- Associated Press - Wednesday, May 28, 2014

BANGKOK (AP) - The last time Thailand’s army seized power, in 2006, some called it “the smiling coup.”

Residents of Bangkok who supported the overthrow of an elected government they accused of corruption poured into the streets, handing out flowers to soldiers who had deployed tanks across this metropolis of glass skyscrapers and ornate Buddhist temples.

It was bloodless, and for a time, it was calm.

Last Thursday, Thailand’s army seized power again without firing a shot, overthrowing a popularly elected administration that won a landslide vote three years earlier. The army says it had to act to restore order after seven months of increasingly violent political turbulence. But the aftermath feels much different this time.

Most of the country’s ousted government has been detained or is in hiding. Journalists, scholars and politicians are being ordered to surrender at army bases. Activists have fled. The junta chief has issued ominous warnings not to criticize the takeover. A nighttime curfew has been imposed. And protests, though small, have come almost immediately.

Hanging over it all is the threat of serious resistance. The political movements spawned in the aftermath of the 2006 coup - particularly the “Red Shirts” who support the ousted government - had vowed to take action if there was another.

So far, there has been no bloodshed. But as ousted Education Minister Chaturon Chaisang put it Tuesday, shortly before being taken into custody by soldiers at a news conference in Bangkok, “If anyone thinks that the coup will stop all the conflict and the turmoil or violence, they would be wrong.”

The May 22 putsch led by Gen. Prayuth Chan-ocha “will create more conflict,” said Chaturon, the only member of the deposed government who has spoken freely in public since the military took over. “From now on, there will be more and more resistance,” he said, adding that if violence erupts, “it will be a disaster for this country.”

The junta is trying to silence the critics it has detained by releasing them only if they sign a form agreeing not to do anything “provocative.” Violators face two years in jail.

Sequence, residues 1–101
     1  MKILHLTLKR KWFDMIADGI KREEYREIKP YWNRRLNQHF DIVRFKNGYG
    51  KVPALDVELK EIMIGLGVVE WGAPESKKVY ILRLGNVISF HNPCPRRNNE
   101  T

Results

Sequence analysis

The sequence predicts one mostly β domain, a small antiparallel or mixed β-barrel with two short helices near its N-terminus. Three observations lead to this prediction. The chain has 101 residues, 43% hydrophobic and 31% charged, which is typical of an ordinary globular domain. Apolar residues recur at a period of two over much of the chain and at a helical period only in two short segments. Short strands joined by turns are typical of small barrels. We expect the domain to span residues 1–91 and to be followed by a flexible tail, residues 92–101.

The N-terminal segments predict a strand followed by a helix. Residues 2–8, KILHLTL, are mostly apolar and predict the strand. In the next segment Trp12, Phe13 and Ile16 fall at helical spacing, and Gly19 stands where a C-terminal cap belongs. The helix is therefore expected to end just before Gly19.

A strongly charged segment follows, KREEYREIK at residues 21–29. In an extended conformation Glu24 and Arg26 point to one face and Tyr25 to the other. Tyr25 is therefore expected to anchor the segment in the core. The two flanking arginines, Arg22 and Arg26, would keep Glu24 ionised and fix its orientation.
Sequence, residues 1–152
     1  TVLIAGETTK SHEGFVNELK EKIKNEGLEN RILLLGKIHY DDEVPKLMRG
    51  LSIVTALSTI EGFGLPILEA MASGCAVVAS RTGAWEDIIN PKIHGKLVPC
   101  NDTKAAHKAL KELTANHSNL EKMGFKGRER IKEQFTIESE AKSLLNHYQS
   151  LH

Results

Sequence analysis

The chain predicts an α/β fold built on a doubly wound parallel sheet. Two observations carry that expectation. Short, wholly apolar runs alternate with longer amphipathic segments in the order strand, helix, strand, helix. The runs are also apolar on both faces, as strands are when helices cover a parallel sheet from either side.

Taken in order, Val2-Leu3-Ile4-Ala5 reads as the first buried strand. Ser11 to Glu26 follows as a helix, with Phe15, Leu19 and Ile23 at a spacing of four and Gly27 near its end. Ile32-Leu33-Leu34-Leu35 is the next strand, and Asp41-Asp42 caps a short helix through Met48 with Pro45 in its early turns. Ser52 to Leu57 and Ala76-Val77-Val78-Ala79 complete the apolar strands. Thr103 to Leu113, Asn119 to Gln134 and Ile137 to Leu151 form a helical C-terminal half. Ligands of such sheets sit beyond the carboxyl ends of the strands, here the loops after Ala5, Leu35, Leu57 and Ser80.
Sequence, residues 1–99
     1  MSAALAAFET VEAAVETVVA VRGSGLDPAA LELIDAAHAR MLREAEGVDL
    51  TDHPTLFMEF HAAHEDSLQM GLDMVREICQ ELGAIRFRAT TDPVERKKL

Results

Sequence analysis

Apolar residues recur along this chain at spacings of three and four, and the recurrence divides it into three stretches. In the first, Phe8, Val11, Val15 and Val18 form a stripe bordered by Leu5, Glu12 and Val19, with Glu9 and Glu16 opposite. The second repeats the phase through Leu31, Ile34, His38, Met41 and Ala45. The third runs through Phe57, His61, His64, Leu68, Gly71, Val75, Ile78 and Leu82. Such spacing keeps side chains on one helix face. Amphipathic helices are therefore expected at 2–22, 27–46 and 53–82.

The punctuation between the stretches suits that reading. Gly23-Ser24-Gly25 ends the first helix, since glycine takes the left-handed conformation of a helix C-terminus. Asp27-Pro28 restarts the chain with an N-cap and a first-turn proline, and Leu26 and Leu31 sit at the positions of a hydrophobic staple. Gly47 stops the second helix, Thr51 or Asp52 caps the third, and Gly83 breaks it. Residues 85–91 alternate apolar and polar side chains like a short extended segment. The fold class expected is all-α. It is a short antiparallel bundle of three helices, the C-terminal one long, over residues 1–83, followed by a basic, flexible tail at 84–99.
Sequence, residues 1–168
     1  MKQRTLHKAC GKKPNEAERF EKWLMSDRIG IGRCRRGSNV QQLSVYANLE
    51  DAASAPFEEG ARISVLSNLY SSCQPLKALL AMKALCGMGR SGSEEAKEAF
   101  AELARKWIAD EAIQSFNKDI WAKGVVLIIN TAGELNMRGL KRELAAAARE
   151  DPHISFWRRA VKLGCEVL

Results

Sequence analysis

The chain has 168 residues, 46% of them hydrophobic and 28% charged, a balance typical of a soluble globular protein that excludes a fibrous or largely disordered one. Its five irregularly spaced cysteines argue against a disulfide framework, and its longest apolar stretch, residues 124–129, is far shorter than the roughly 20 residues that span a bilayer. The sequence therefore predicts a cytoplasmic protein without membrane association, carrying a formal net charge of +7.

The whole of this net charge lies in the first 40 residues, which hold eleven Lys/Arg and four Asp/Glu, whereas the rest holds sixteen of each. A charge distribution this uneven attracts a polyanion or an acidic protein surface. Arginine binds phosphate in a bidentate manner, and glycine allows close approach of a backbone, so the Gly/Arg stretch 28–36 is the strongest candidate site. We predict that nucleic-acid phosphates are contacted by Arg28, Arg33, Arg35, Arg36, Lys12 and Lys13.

Thai news outlets have been shut down or are practicing self-censorship. The military has said it will crack down on online speech it considers inflammatory. It denied responsibility for a brief and partial shutdown of Facebook in Thailand on Wednesday, but it has begun targeting websites deemed threatening. Among those now blocked: the Thailand page of Human Rights Watch.

This coup is in essence a continuation of the last one. Both were sparked by political conflict surrounding former Prime Minister Thaksin Shinawatra.

Thaksin, a billionaire who made a fortune in the telecommunications industry, shook up the country’s traditional power structure by winning over the majority lower classes with populist policies that brought virtually free health care and electricity to some villages for the first time. His opponents, including powerful businessmen, staunch royalists and much of the upper and middle classes, accused him of corruption, abuse of power and disrespect for the nation’s revered king.

He was deposed in 2006, and two years later was convicted on corruption charges he says were politically motivated. He lives abroad to avoid serving prison time but had remained deeply influential in the recently ousted government, which was led by his sister until a court removed her from office earlier this month.

In the backdrop of nearly a decade of political upheaval, there is also increasing anxiety about the health of 86-year-old King Bhumibol Adulyadej, the world’s longest-reigning monarch, and the eventual succession. Thailand-based media rarely report on the issue because of the country’s severe lese majeste laws, which impose harsh jail terms against those deemed to have defamed the monarchy.

The latest coup was the culmination of a half-year of protests triggered by a disastrous attempt by the ruling party to pass an amnesty bill that would have erased Thaksin’s two-year prison sentence and allowed him to return home.

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